Defendant does not dispute that Plaintiff can satisfy the first three elements of her prima facie case. However, it contends that she is unable to demonstrate that Temple Hospital retained similarly situated employees outside of her protected class because she was the only clerical employee within the Respiratory Care Department. Plaintiff responds that Defendant's argument impermissibly narrows the focus of our analysis. She urges that we consider whether clerical employees, outside of her protected class, were retained in other departments under the control of RIF decisionmakers, Pemberton and Gomberg.
The fourth element of a prima facie case is intended to be flexible and "must be relaxed in certain situations, as when there is a reduction in force." Pivirotto v. Innovation Systems, 191 F.3d 344, 357 (3d Cir. 1999) (quoting Torre v. Casino, 42 F.3d 825, 831 (3d Cir. 1994)). With this policy in mind, we conclude that it would be inappropriate to reject Plaintiff's claim simply because she was the only secretary in her department. Cf. Sosky v. International Mill Service, Inc., 1996 WL 32139 at *6 (E.D.Pa. Jan. 26, 1996) ("If a plaintiff is in a unique position that is eliminated, that plaintiff must still have some way of making out a prima facie case; otherwise, the ADEA could not reach an employer who eliminates a unique position[.]")
Plaintiff does not, however, point to any evidence that non-Black clerical employees were retained following the RIF in other relevant departments, (Pl. Br. at 7), and our review of the documentation associated with the RIF does not demonstrate that this was the case. See (Omberg Decla., Ex. C - Ex. F; Pemberton Depo. Pp. 24-25.) Indeed, although Plaintiff contends that, "[c]learly, non-Black clerical employees were retained in departments within the jurisdiction of Ms. Pemberton and Ms. Gomberg[,]" (Pl's Br. At 7), she does not provide a citation to the record and Defendant's RIF materials do not indicate the racial composition of the clerical employees in these departments after the RIF. Thus, Plaintiff cannot sustain her initial burden of establishing a prima facie case of race discrimination. For the sake of completeness, we will also address the remaining steps of the McDonnell Douglas analysis.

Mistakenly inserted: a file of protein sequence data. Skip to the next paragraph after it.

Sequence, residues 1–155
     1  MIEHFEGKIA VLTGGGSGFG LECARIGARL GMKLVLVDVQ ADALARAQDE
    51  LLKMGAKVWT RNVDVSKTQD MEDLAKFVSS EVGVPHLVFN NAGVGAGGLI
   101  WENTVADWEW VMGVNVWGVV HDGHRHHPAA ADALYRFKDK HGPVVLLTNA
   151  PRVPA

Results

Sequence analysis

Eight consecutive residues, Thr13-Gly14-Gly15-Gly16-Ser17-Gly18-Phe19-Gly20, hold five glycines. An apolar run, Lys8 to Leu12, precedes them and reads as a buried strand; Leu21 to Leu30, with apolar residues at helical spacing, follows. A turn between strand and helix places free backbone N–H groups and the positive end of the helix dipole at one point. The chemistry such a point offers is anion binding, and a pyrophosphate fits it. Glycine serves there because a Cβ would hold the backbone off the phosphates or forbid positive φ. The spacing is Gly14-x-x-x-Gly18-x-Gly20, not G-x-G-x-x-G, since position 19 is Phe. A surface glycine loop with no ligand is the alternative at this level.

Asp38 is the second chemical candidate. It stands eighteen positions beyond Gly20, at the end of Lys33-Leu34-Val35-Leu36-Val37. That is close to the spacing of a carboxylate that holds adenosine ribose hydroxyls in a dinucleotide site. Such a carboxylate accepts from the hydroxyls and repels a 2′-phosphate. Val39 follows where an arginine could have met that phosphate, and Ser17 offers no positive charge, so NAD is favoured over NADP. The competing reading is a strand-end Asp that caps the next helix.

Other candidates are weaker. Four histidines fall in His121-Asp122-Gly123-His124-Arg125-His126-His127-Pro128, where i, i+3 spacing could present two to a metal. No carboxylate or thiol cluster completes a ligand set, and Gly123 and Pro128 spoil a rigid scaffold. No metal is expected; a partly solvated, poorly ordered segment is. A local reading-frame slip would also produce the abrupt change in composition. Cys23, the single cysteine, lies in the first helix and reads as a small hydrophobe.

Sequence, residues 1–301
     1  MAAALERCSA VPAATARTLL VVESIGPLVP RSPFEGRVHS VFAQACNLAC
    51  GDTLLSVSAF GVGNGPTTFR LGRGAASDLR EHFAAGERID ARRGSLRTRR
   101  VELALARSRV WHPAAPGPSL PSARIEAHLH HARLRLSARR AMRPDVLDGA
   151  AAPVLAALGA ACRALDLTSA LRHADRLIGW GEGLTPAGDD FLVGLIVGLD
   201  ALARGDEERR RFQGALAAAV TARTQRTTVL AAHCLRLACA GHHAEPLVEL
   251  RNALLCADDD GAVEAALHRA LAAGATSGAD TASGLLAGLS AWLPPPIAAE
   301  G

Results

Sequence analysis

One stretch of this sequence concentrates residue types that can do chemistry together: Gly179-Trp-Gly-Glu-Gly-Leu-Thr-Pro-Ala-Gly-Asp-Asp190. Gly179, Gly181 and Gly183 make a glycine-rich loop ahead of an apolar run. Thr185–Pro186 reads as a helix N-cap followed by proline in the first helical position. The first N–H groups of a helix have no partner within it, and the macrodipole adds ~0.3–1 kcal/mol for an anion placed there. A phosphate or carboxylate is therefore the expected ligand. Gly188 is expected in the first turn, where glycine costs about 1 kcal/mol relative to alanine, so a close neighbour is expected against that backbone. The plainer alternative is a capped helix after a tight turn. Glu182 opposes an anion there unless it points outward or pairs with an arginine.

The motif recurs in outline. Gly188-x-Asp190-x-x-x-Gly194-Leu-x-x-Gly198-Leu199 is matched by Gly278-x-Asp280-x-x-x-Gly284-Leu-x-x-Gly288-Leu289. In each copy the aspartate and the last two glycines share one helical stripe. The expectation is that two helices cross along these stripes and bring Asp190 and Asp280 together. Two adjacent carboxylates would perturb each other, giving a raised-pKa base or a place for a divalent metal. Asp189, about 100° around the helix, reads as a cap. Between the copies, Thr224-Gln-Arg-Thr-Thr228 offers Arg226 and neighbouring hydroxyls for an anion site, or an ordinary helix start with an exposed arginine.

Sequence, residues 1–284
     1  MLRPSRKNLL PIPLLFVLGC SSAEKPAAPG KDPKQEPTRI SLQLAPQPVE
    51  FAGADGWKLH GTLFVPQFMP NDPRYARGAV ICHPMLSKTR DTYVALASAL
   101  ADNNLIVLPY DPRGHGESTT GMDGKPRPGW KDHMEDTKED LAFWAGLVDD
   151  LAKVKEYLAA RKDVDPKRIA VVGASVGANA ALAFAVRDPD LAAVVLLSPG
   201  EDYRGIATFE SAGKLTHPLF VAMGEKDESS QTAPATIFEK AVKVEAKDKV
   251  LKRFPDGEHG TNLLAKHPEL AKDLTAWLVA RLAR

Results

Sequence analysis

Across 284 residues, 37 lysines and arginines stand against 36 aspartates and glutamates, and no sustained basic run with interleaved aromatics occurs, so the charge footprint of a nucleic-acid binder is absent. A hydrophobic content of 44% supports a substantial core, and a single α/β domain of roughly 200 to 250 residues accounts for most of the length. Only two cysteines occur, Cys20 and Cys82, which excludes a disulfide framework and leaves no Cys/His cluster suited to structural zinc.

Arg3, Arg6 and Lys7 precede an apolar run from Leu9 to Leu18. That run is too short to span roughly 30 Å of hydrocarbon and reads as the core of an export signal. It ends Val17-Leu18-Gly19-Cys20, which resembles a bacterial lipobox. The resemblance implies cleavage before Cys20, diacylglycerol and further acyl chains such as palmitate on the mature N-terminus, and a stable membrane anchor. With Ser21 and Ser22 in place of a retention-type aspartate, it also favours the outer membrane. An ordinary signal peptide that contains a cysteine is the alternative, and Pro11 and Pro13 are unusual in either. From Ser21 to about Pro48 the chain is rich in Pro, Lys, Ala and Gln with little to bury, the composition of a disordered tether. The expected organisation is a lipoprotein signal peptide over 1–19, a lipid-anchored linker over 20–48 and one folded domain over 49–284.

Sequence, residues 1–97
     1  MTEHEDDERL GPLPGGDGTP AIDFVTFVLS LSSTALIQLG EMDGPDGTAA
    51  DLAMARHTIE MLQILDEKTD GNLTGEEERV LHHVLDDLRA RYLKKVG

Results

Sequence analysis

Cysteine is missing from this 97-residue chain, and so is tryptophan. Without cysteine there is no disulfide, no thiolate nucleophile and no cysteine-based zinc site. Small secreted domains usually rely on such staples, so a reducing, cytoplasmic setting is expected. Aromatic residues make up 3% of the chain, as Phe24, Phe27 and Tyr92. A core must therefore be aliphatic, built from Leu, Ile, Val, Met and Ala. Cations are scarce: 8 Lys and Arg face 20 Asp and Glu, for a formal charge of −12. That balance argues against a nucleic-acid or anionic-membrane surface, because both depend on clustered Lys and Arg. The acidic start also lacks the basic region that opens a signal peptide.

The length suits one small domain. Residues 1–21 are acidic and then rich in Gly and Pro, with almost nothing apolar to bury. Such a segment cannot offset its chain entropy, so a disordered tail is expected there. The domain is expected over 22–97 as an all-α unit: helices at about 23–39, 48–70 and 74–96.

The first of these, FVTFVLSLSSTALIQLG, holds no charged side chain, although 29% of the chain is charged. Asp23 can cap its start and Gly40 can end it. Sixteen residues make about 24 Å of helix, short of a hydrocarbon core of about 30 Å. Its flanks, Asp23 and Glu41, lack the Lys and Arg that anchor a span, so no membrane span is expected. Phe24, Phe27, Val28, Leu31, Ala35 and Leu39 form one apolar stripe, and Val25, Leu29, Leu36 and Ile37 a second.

B. Legitimate, Nondiscriminatory Reason
Accepting that Plaintiff has established a prima facie case, the burden of production shifts to Defendant to articulate a legitimate, nondiscriminatory reason for its decision. Defendant's burden is "relatively light" at this stage, and it need only "introduce[e] evidence which, if taken as true, would permit the conclusion that there was a nondiscriminatory reason for the unfavorable employment decision." Fuentes v. Perskie, 32 F.3d 759, 763 (3d Cir. 1994). Defendant asserts that Plaintiff's position was eliminated, along with thirty-three other positions, in connection with a RIF that was implemented as a cost-cutting measure to offset system-wide operating losses. (Def.'s Br. at 8; Def.'s State. Facts, ¶¶ 16-18, 26, 36.) Defendant further asserts that it sought to eliminate positions that had no impact, or at most, a minimal impact on patient care. (Def.'s State. Facts, ¶¶ 26-27.) We have no difficulty concluding that Defendant has tendered a facially legitimate, nondiscriminatory reason to satisfy its burden.
To survive summary judgment, Plaintiff must point to evidence from which a fact-finder could reasonably conclude that Defendant's proffered reason is pretextual. Fuentes, 32 F.3d at 763. This can be accomplished by adducing evidence from which a fact-finder could: (1) disbelieve the employer's articulated reason; or (2) believe that discrimination was more likely than not a motivating or determinative cause of the employer's action. Id. at 764. Plaintiff focuses on the second approach.*fn5